It is essential to a correct understanding of Daniel 9, to point out that it is incorrect to read this passage as if it were speaking about the Messiah.

This may appear obvious to Christians since their translations has the word “Messiah” mentioned twice in this chapter; however this is the result of a blatant and intentional mistranslation of the Hebrew word (משיח ~ Moshiach”).

This word literally means “anointed” and is an adjective as in the 1 Samuel 10:1-2 where the word clearly means an act of consecration. It is not a personal pronoun that refers to a particular individual called “The Messiah.” The word (משיח ~ Moshiach”) is used throughout Jewish Scriptures no less than 100 times and refers to a variety of individuals and objects. For example:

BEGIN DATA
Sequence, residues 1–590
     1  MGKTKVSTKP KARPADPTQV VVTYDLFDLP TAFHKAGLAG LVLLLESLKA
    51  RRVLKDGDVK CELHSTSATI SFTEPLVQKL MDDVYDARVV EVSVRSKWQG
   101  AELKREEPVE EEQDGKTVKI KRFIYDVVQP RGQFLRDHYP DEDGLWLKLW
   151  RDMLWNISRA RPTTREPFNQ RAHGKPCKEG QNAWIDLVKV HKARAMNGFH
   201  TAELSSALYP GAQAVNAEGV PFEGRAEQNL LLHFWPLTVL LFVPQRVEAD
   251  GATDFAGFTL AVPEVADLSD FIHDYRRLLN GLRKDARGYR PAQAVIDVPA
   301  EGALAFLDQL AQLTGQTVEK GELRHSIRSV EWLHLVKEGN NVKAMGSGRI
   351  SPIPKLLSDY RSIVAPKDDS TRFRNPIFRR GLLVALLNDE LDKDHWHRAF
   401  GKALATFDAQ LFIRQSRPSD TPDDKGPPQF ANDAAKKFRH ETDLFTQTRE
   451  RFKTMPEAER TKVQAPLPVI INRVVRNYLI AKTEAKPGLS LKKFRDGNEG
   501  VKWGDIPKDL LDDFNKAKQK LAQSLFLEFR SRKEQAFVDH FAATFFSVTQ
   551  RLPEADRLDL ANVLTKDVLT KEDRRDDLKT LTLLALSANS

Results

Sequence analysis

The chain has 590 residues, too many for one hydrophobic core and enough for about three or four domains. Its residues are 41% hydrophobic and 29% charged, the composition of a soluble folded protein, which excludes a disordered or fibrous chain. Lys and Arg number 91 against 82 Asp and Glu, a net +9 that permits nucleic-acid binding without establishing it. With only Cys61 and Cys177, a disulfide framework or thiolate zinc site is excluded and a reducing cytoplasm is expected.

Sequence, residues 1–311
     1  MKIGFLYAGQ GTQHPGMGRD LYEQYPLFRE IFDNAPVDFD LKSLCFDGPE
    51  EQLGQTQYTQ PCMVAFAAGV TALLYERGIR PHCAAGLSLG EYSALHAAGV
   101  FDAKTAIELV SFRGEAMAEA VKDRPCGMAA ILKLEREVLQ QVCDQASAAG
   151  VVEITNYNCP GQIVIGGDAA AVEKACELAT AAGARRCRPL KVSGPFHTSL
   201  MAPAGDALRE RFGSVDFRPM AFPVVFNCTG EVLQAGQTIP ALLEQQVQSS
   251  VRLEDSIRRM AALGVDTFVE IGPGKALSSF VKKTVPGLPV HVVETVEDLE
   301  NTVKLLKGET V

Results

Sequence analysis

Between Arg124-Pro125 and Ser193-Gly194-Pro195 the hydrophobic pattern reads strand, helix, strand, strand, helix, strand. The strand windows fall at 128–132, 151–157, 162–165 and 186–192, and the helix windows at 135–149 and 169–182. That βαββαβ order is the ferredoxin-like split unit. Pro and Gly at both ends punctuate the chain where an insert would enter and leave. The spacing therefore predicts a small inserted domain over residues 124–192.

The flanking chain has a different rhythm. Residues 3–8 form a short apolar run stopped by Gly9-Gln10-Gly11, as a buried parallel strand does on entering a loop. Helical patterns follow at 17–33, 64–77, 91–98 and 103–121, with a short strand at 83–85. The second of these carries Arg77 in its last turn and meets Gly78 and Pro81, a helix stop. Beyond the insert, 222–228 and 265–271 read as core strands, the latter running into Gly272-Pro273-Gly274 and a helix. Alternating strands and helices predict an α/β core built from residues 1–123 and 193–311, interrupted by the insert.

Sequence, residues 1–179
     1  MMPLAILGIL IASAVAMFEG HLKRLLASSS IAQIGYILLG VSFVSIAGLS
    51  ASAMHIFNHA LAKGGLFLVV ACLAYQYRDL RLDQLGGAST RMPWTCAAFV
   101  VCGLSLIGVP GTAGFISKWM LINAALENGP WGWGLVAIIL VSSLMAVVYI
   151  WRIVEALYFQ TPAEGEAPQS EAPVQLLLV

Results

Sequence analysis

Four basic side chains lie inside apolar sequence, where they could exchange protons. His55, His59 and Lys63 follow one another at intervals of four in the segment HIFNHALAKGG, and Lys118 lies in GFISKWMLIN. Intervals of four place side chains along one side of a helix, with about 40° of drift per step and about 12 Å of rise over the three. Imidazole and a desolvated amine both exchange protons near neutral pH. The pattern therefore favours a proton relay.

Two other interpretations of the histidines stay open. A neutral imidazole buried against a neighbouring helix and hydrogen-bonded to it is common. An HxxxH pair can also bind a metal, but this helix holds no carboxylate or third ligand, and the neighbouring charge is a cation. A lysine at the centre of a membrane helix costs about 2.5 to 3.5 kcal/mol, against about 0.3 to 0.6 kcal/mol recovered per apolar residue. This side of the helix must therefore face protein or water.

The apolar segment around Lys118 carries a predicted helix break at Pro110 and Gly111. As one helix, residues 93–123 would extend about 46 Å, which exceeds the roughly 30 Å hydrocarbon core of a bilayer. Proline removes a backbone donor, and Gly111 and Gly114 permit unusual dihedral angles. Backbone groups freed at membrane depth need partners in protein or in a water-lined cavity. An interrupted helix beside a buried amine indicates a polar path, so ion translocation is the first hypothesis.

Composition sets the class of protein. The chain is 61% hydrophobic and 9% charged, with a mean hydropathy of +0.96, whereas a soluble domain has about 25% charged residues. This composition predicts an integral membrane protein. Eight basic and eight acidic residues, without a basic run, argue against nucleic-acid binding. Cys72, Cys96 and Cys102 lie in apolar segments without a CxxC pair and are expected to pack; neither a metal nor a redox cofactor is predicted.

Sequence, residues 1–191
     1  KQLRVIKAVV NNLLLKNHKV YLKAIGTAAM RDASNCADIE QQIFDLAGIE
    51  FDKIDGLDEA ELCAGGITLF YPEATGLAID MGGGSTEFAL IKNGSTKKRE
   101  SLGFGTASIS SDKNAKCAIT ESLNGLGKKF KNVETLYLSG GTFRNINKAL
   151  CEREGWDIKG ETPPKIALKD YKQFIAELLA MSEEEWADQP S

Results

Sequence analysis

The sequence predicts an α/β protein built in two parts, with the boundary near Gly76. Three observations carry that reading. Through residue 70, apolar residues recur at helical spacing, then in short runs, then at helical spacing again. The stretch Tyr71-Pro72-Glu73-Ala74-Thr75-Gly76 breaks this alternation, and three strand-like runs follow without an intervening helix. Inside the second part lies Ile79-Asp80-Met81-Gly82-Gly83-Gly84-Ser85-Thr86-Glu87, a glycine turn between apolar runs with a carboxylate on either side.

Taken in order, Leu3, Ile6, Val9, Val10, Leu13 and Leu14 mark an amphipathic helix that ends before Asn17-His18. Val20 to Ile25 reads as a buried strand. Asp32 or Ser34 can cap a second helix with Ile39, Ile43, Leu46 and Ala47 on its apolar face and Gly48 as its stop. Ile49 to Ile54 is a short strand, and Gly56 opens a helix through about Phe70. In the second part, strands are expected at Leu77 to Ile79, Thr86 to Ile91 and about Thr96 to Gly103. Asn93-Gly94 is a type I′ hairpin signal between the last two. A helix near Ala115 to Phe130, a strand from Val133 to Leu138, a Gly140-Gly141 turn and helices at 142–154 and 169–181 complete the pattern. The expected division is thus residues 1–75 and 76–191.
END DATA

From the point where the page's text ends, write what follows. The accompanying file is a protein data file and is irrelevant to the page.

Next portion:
Priests: Leviticus 4:3
Kings: 1 Kings 1:39
Prophets: Isaiah 61:1
Temple Alter: Exodus 40:9-11
Matzot ~ Unleavened Bread: Numbers 6:15
Cyrus ~ a non-Jewish Persian King: Isaiah 45:1

Even in Christian translations the word Moshiach is translated 99% of the time as “anointed.” The only exception is twice in Daniel 9 verses 25 and 26. This inconsistency is even more blatant since Christian translators translate the word (משיח ~ Moshiach) as “anointed” one verse earlier when it is used in Daniel 9:24. In this instance, it is referring to anointing the innermost chamber of the Holy Temple known as the “Holy of Holies,” (קדשים קדש ~ Kodesh Kedoshim). It is incorrect to translate this, as some missionaries do, to mean the “most holy one” in an attempt to have this refer to the Messiah rather than a place.